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Black History Month: Ademola Bamgbose on his journey from Lagos to London — and a training contract at Hogan Lovells

Ademola Bamgbose

Taking a moment to consider on his career journey so far, Ademola Bamgbose reflects:

“I don’t want to get to the age of 60 and look back with regrets because I let the fear of failure stop me from trying.”

On the basis of his performance to date, there doesn’t seem to be much danger of this. Bamgbose began his career in Lagos, Nigeria, working in dispute resolution for local law firm Babalakin & Co. Wanting to experience larger scale arbitration work, he looked beyond West Africa to the UK. Knowing he would be up against a vast pool of law graduates, he focused initially on education: completing a masters in international commercial law at UCL, before doing a PhD in international arbitration at Warwick.

While a PhD student Bamgbose took on a number of part-time roles, including a stint as trainee counsel at the International Chamber of Commerce in Paris, adviser at the Citizens Advice Bureau and national representative of the International Bar Association. During this time he also completed Hogan Lovells’ African LLM vacation scheme, off the back of which he was offered a training contract. Unlike a regular vacation scheme, the programme is aimed at students from Africa who are studying an LLM in the UK, many of whom are qualified lawyers who have experience working in the region. It’s geared around practice areas including energy, infrastructure, commercial litigation and arbitration practice.

Find out more about training at Hogan Lovells

Bamgbose describes his time at Hogan Lovells as a “fantastic experience” which has allowed him to travel and work not only in London but also in jurisdictions like China, Ghana, Indonesia and Nigeria.

Bamgbose is currently on secondment with the commercial litigation team at a top FTSE 100 company. When he qualifies in February 2019, he will become one of fewer than 3,000 African and African-Caribbean practising solicitors in England and Wales — making up just over 2% of the profession. Black people account for 3.3% of the general UK population. Bamgbose believes that black law graduates wrongly define their abilities against these figures. “They look at the small percentage of black lawyers in the profession and get discouraged,” he says, adding: “we have a responsibility of changing the narrative”.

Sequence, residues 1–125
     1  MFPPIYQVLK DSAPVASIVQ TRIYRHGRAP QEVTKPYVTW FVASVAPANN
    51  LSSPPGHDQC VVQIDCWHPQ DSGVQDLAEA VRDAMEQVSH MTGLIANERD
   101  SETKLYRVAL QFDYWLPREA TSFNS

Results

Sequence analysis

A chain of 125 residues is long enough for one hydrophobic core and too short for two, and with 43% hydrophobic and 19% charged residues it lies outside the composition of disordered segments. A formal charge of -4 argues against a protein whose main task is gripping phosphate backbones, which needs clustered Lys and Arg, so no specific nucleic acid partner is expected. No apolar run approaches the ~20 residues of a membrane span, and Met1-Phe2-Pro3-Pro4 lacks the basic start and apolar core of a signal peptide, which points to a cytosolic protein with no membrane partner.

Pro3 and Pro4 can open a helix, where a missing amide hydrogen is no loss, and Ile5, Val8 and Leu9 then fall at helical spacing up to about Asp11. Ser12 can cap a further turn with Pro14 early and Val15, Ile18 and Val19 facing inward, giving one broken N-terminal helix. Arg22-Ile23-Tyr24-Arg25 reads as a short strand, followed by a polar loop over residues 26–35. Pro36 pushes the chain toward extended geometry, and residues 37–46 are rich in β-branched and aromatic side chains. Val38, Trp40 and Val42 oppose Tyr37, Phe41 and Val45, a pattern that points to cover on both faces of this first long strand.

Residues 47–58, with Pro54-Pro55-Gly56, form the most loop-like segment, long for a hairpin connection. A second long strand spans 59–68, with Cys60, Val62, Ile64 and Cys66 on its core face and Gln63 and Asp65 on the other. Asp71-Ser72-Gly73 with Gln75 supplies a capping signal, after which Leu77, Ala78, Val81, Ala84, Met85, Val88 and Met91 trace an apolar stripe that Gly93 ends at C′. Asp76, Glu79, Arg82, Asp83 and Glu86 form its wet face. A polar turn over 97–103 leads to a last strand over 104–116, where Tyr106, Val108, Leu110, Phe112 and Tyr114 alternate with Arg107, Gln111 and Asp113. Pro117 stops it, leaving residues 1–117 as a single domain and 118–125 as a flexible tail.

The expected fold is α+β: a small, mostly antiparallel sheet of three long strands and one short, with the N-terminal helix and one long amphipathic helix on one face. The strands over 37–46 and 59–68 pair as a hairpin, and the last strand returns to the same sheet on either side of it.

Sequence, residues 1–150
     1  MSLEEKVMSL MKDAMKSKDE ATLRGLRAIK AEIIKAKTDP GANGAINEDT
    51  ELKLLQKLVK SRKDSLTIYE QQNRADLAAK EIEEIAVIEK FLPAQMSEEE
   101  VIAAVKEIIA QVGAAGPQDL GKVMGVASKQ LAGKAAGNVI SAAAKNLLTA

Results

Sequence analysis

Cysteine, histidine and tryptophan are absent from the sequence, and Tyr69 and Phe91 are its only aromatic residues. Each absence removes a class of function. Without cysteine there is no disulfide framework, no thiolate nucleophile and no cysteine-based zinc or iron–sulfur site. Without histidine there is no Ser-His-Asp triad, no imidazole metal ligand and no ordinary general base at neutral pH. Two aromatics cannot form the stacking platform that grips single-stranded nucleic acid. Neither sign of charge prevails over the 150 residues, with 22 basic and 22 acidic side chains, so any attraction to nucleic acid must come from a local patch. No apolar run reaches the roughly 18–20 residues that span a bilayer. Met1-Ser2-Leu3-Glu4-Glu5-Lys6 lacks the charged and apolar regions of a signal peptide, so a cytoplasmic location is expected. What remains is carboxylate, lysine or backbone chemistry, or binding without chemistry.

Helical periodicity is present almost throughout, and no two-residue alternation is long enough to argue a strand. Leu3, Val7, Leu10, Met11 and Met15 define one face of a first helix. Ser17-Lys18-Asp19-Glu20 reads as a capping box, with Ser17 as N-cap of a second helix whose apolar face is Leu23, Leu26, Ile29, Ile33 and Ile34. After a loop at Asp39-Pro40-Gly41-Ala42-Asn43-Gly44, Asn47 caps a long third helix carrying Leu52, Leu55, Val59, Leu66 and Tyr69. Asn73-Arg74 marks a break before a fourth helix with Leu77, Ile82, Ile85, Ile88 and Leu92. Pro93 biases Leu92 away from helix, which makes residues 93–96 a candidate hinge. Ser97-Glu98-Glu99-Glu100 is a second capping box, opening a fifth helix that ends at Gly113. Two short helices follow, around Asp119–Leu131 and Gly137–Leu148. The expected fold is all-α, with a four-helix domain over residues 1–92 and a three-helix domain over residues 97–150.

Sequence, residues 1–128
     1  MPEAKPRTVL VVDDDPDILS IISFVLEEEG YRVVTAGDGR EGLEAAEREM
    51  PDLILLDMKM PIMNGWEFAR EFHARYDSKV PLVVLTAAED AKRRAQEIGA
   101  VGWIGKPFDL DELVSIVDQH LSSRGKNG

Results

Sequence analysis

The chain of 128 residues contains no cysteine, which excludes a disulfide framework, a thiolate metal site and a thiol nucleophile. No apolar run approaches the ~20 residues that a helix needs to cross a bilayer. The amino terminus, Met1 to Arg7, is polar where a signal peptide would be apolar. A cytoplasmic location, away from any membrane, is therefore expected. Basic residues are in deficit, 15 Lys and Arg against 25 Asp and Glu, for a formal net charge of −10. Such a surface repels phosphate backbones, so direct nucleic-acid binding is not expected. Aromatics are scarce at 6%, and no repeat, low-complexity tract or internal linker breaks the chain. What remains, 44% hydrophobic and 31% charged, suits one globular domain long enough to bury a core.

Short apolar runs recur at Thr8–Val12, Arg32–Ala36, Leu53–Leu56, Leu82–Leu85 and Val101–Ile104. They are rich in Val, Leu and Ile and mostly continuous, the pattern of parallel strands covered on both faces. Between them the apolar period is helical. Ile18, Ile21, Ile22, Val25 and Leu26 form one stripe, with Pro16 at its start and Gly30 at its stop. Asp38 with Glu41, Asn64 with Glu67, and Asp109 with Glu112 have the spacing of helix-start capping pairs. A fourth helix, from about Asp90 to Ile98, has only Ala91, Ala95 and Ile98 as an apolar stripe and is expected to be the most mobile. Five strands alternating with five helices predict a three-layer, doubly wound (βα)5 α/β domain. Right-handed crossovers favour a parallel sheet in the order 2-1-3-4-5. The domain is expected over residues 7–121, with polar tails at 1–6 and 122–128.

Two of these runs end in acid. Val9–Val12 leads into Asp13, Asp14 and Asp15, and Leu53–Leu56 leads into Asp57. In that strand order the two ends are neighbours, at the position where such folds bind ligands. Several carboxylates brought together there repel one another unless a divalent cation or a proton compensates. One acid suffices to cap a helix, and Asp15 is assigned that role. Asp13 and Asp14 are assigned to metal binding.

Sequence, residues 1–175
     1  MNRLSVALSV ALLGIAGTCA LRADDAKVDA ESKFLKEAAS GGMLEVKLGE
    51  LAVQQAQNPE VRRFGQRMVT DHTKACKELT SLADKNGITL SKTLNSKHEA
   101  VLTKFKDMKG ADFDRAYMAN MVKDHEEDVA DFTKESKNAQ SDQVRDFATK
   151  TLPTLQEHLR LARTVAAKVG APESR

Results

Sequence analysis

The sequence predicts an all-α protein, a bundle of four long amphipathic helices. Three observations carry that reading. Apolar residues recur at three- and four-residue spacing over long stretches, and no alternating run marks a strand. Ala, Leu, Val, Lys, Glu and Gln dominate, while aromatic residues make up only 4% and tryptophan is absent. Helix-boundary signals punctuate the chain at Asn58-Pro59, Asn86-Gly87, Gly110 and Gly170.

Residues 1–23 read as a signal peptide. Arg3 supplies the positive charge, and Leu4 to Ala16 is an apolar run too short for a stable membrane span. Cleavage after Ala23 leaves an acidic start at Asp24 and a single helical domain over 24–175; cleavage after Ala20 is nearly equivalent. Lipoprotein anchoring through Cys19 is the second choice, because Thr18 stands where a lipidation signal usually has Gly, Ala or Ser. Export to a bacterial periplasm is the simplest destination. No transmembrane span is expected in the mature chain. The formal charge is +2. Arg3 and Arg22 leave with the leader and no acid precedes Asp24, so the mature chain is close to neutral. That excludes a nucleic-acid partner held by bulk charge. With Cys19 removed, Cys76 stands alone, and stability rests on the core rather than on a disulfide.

He continues: “I’m a strong advocate for mentorship. Senior members of the community have to strongly guide and mentor junior members of the community.” Bamgbose recalls the invaluable advice and guidance he often receives from his mentors, Hogan Lovells partners Nathan Searle and Markus Burgstaller, and Bryan Cave Leighton Paisner partner Segun Osuntokun. Bamgbose wants to see this mentor-mentee relationship extend beyond the typical partner-associate or associate-trainee model to university and school students.

“We also need to focus on our A-Level students, who need to see how important it is to achieve good grades. We should go back to them, share our experiences and let them know that a career in the city is not beyond their reach,” he says.

There is a strong business case for such an approach, Bamgbose says: “Law firms, like Hogan Lovells, recognise that it is not acceptable to have an international business without diversity. When extending beyond the shores of the UK, you are meeting new people with diverse ways of thinking who come from different cultures. Failure to recognise this difference could undermine business. If you have a diverse working environment, you will learn about new experiences. Lawyers are called ‘learned people’– we should start learning more about other people.”

Bamgbose also calls on Africa to “sit up” and “maximise” the opportunities of globalisation. With the influx of capital from both Western and Eastern investors growing, he thinks that the continent needs to strategically position itself to “facilitate and benefit from foreign investment” to “avoid being short changed in everything going on.” Looking to the future, Bamgbose hopes to continue to “acquire the right technical skills and build the right profile” to specialise in high profile African arbitration work.

For those wanting to follow in his footsteps, Bamgbose stresses the importance of planning. “Everyone has their own path and I think it’s important for someone to identify their ultimate goal and start working towards it,” he says, “Life is a process — you need to be deliberate and systematic in how you approach it.”

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